Baseline hemodynamic and UO measurements were collected for 48 h prior to the administration of control fluid (normal saline) or the radiocontrast agent (iodixanol, Visipaque™, GE Healthcare, Milwaukee, WI, USA). To replicate a coronary angiogram study (PCI), we observed several PCIs at our institution and replicated practice in our model. Thus, normal saline or iodixanol was infused intra-arterially as five boluses of 0.5 mL/kg at 12-min intervals. Blood samples were taken before the start and then at 2, 4, 8, 24, 48, and 72 h after the injections. Urine was collected hourly throughout the experiment from the bladder catheter and sampled in 2-h lots at the predefined time points for creatinine clearance and fractional excretion of urea measurements up to the third day after the administration of control or radiocontrast. Bladder catheters were then removed. The hemodynamic parameters were followed for a total of 5 days after saline or radiocontrast administration. The animals had free access to food and water with food given at 5 p.m. every day. However, the day of the injection, fluid and water were restricted from 8 a.m. to 4 p.m. to avoid confounders on urine output and hemodynamic variables. Daily water intake was also recorded for every animal.

Statistical analysis

All data are presented as means ± standard error of means (SEM) or geometric means (95% confidence interval) as appropriate. For baseline values, averages of the 48 h of baseline are presented. Hour-by-hour values for the first 8 h and daily averages up to the fifth day were compared with the average of baseline values by analysis of variance. To adjust for multiple comparisons, p < 0.01 was used to indicate significance. Statistical analysis was performed using SAS version 9.2 (SAS Institute Inc., Cary, NC, USA). All variables were assessed for normality and log-transformed where appropriate.

Mixed linear modeling was performed with each sheep treated as a random effect. Main effects were fitted for time and treatment with an interaction between time and treatment used to determine if treatments behaved differently over time. Specific time point comparisons were performed using post hoc pairwise t-tests. To account for multiple comparisons, a reduced p value of 0.01 was considered to be statistically significant.

Results

Systemic hemodynamics

In the first 8 h, intra-arterial administration of radiocontrast increased CO, TPC, and HR more than that of normal saline (Table 1 and Figure 1) without any difference in MAP. Daily changes in CO and TPC were not different between the two groups (p = 0.10 and p = 0.30, respectively, for CO and TPC) (Table 2 and Figure 2). MAP was higher at baseline in the radiocontrast-treated animals and remained higher with radiocontrast during the following 5 days, with significant differences (p < 0.001) between groups (Table 2). HR was also higher with radiocontrast (Table 2). The differences between the groups, although statistically significant, were small and occurred with full preservation of the normal circadian rhythm (Figure 2).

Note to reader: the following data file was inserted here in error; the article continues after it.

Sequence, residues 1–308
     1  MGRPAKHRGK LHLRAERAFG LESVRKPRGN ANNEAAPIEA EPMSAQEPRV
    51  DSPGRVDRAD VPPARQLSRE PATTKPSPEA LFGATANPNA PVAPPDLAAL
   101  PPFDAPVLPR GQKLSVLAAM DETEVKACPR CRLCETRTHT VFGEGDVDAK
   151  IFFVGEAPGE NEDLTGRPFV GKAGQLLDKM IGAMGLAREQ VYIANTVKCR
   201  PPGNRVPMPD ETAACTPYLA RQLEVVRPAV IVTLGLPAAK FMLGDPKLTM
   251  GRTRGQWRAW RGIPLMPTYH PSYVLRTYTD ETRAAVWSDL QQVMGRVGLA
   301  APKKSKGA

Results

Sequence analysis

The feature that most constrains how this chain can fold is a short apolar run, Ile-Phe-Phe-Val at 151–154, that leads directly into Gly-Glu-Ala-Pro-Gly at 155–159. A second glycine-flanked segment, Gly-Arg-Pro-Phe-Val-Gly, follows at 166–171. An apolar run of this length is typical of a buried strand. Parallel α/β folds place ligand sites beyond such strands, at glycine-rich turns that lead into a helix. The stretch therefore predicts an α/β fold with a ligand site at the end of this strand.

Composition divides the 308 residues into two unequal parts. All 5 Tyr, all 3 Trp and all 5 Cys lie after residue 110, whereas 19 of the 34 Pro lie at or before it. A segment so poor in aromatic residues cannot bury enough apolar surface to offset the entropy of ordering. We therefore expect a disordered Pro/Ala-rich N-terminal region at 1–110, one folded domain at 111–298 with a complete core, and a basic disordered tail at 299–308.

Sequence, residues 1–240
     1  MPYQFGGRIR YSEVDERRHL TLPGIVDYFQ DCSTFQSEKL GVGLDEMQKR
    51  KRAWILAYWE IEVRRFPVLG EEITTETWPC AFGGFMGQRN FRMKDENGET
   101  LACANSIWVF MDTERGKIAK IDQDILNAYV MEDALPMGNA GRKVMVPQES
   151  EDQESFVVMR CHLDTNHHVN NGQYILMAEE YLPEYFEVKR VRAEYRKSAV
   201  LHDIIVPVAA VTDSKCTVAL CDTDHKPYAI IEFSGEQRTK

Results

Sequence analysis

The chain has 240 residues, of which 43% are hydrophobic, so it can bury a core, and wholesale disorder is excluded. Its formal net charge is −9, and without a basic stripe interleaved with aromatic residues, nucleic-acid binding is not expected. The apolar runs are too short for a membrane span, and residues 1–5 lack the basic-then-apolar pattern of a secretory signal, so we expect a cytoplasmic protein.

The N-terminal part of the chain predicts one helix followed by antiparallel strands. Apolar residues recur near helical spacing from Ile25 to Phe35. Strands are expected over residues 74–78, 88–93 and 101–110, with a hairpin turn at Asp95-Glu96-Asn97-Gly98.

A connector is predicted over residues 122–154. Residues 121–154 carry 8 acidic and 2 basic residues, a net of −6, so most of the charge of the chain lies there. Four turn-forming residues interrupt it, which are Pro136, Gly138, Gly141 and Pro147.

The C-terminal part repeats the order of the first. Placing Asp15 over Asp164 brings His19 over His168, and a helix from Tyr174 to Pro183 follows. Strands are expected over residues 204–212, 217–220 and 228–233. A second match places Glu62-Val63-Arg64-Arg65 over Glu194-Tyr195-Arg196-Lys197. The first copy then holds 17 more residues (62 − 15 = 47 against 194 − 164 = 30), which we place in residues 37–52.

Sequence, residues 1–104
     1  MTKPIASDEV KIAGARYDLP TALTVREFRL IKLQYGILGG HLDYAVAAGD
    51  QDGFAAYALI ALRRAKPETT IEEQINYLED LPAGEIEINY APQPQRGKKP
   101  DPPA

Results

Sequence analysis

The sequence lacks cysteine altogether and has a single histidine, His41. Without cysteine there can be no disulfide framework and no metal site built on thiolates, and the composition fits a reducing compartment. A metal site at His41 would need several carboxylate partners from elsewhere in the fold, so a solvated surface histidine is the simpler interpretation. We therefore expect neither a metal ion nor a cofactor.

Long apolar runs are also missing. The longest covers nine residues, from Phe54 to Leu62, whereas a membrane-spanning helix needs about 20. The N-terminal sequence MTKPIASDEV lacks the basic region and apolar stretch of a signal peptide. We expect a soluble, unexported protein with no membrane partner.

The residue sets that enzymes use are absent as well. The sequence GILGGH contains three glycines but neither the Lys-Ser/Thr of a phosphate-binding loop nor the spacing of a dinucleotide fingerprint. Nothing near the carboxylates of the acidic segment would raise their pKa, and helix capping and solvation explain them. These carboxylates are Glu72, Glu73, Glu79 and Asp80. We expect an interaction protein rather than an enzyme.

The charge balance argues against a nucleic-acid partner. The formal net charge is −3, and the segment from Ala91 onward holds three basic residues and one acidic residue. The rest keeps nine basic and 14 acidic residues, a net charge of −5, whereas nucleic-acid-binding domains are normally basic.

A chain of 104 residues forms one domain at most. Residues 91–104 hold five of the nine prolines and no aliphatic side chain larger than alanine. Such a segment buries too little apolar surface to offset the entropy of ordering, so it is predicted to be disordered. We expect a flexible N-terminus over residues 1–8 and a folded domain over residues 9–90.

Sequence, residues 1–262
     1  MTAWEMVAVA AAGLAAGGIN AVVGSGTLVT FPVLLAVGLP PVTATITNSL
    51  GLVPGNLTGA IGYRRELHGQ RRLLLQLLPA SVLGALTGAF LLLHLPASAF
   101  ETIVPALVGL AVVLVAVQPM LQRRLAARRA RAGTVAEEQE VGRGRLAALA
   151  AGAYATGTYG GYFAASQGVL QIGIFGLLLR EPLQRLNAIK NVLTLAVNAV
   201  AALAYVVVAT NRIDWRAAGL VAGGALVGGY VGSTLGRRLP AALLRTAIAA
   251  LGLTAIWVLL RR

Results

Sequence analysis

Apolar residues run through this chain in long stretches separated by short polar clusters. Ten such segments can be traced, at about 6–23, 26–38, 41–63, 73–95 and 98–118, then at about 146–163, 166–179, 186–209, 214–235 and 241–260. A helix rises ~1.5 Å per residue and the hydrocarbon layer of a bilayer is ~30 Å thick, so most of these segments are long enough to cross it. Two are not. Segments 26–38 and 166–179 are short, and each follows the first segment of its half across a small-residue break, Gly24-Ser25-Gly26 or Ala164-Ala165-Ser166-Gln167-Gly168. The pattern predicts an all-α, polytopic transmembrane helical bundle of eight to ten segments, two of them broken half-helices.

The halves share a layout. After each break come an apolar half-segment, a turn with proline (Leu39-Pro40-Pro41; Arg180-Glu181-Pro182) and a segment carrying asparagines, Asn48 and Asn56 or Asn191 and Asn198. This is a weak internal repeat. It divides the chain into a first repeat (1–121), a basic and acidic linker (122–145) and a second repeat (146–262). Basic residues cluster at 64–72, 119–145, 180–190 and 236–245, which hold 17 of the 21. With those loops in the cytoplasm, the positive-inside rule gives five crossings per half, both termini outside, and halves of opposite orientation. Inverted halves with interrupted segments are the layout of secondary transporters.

Table 1

Haemodynamic values at baseline and during the first 8 hours after arterial radiocontrast

 

GROUP

Baseline

1sthour

2ndhour

3rdhour

4thhour

5thhour

6thhour

7thhour

8thhour

CO (L/min)

Saline

3.52 (±0.26)*

3.70 (±0.27)°

3.65 (±0.27)

3.46 (±0.27)*

3.35 (±0.27)°

3.36 (±0.27)°

3.23 (±0.27)°

3.12 (±0.27)°

3.35 (±0.27)°

Contrast

3.25 (±0.26)*

3.66 (±0.27)°

3.80 (±0.27)°

3.31 (±0.27)*

3.30 (±0.27)

3.53 (±0.27)°

3.37 (±0.27)

3.32 (±0.27)

3.47 (±0.27)°

HR (bpm)

Saline

65 (±4)

66 (±5)*

65 (±5)*

64 (±5)

60 (±5)°*

60 (±5)°*

58 (±5)°*

56 (±5)°*

60 (±5)°*

Contrast

64 (±4)

76 (±5)°*

86 (±5)°*

68 (±5)

67 (±5)*

72 (±5)°*

68 (±5)*

65 (±5)*

69 (±5)°*

MAP (mmHg)

Saline

88 (±2)*

87 (±2)

88 (±2)

85 (±2)°

87 (±2)

86 (±2)

87 (±2)

85 (±2)°

86 (±2)

Contrast

95 (±2)*

95 (±2)

95 (±2)

92 (±2)°

91 (±2)°

94 (±2)

93 (±2)

92 (±2)°

93 (±2)

TPC (mL/min/mmHg)

Saline

39.8 (±3.0)*

42.2 (±3.0)°*

41.0 (±3.0)

40.4 (±3.0)*

38.3 (±3.0)

38.9 (±3.0)

37.1 (±3.0)°

36.3 (±3.0)°

38.8 (±3.0)

Contrast

35.0 (±3.0)*

39.9 (±3.0)°*

40.3 (±3.0)°

36.3 (±3.0)*

36.7 (±3.0)°